I’ve been attending a “movie night” with friends at a friends’ place almost every week for a few months. I will have to explain why this is tricky for me.
Those of us with PTSD have what are called “triggers” that can seem to come out of nowhere, which bring out our “fight or flight” symptoms and make us differing degrees of miserable, depending on the trigger. I think this article from About Health does a great job of explaining triggers. The article isn’t very specific, though, but I’m going to talk about one of mine anyway. I have a lot of trouble with noise. Sometimes it bothers me and sometimes I’m okay, I think depending on how tired I am and what I’ve been dealing with that day or that week. There are a lot of “coping techniques” for triggers, but it depends on, again, how you’re feeling and what else you’re dealing with if the coping techniques (such as breathing, taking a break, etc.) can take care of it right then, or if it’s time to go. Part of the problem with my PTSD is that I’m still trying to figure out what all of my triggers are and how to deal with them. PTSD symptoms (including triggers) don’t all just “show up” right after trauma. They can take years to show up, as most of mine have, and come and go (again) depending on what you’re dealing with in life.
I struggle with action movies. I thought I’d made progress with this recently. I successfully watched both The Avengers and Captain America 2 here at home on my small computer screen. So, when I went to “Movie Night” and their top two picks were two action movies, I thought I was going to be okay. My exit strategy over the summer was to go upstairs and read a book and watch the sunset. We watched Captain America 2, but immediately I could tell that it wasn’t going to be good, even if I’d seen it before. It was on a very large screen, and as people usually want to, they had the sound up pretty loud. When there was dialogue, it was okay. As soon as the action started, my body started to shake inside and the “calm” I had during the day was gone. This was way beyond the degree where I could control it in the moment. It feels like my mind and biology take over and there’s no going back. I had to gather my stuff and go upstairs. One friend insisted on going with me so I wouldn’t be alone (I am very blessed when it comes to friends) and then another followed, saying she’d already seen it and could take me home.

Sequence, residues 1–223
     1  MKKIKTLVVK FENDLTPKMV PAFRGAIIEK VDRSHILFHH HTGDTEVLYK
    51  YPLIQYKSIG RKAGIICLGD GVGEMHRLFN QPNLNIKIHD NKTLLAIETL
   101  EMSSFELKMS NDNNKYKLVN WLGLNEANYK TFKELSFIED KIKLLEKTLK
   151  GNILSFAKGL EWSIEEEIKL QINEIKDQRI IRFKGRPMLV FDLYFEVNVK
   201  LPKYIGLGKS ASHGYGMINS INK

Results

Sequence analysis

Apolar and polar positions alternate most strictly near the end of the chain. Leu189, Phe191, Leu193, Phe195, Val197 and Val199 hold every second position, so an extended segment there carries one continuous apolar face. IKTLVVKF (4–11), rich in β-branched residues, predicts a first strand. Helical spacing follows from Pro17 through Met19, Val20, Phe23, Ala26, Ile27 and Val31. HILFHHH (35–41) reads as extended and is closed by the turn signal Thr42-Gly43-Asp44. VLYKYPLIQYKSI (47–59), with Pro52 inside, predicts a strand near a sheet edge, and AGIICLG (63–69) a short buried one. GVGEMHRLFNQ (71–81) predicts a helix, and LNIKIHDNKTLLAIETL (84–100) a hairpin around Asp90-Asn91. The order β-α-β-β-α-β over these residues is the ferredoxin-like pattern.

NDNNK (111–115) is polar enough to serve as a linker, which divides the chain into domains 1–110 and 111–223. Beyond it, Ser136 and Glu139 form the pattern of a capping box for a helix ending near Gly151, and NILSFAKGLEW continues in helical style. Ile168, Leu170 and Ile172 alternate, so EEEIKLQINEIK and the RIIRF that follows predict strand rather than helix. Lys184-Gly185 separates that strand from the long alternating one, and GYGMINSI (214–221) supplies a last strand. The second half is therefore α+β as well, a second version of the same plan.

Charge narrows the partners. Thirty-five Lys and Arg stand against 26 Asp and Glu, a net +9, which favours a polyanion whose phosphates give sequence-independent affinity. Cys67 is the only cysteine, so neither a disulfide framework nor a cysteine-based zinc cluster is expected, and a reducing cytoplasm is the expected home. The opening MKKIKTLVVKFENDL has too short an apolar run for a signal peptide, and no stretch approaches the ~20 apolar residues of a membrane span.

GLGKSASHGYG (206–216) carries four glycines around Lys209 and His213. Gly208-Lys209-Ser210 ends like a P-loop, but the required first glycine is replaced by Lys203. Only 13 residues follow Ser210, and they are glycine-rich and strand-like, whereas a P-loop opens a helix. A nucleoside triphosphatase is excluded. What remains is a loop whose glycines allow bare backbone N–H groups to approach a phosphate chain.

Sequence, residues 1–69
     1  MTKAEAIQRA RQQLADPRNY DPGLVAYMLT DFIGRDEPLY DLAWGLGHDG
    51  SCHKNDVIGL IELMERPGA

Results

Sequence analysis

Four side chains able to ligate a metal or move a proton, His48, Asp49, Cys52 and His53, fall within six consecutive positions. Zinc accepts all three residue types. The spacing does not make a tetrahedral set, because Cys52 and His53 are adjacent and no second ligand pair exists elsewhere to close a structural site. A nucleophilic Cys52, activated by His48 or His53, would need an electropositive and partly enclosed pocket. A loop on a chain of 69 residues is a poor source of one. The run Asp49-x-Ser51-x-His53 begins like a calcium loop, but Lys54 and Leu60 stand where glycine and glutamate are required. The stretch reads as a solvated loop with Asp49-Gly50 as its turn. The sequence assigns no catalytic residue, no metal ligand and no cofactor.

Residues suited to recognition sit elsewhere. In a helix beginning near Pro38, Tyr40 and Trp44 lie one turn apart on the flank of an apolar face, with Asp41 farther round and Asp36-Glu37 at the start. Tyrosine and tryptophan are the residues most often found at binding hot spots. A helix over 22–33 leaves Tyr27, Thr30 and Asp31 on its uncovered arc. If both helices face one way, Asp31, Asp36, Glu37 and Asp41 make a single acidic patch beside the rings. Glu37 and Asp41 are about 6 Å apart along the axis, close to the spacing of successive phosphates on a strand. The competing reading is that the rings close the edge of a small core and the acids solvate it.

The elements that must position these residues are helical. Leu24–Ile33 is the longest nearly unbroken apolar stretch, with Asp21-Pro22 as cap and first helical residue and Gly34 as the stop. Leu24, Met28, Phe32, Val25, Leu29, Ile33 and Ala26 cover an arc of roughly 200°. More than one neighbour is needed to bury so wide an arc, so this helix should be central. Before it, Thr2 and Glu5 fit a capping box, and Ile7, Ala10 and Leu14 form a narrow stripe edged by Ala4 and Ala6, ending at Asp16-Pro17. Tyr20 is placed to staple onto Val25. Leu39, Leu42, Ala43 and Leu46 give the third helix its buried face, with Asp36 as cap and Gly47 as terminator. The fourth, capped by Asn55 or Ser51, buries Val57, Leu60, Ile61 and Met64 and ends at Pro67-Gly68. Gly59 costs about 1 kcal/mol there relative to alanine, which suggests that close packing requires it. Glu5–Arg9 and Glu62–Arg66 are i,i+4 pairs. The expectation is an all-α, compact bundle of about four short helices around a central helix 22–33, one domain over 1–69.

When I’m typing the analytical details of my illness, it makes it seem less real somehow, and the emotion is gone. The truth is is that I hate all of this. There are other things that I can do, and that I get to do, for a social life. I don’t have a car and yet friends give me rides. I can usually get the other places I need to go on the bus. I hate the weeks where I have multiple days that I have to stay home and can’t go anywhere because some family issue or medication issue has made my anxiety worse. In the moment of these things that I go through when I’m around people that I know, I get pretty discouraged. I see that everyone else is just fine with the high volume level (in fact one person requested it higher because she has hearing issues) and they want all the lights out and are annoyed when they can’t all be out. (Not when they know why, though.) But the idea that I will always be in someone’s way and that in so many ways I can’t be normal is enough to struggle over for a while. I don’t know what I’d do without a therapist who understands these things, and has been there before, and for others who are going through it as well. Is it “in our heads?” Well, our brain is in our heads, yes. Can I make it go away through sheer perseverance, ASAP, so I stop annoying people? No. It’s not a particular hobby of mine to want to annoy people that I’m related to or who don’t understand.
However, it could be a lot worse. That’s not always a lot of comfort, but I still need to remind myself. I’ve been blessed with friends and some family who want to understand. I make it to church almost every week (as long as I’m feeling well) and I need it desperately. I need it just as much to see others and their needs as I do to just be out of the house and be reminded that people care. I have two great roommates. I have hobbies that I love, and even though I can’t always do them when I want to, I do believe that things will improve and that I’ll get to. Life has ups and downs, and so does my health. Finding triggers and healing them can be really unpleasant, at first, but if it heals me then I’m all for it. I just wish that it was easier to find the triggers and to know when they were going to show up. It’s part of my “full time job” of healing, finding new methods for healing, and working to figure out how the methods I know already can apply to help me out.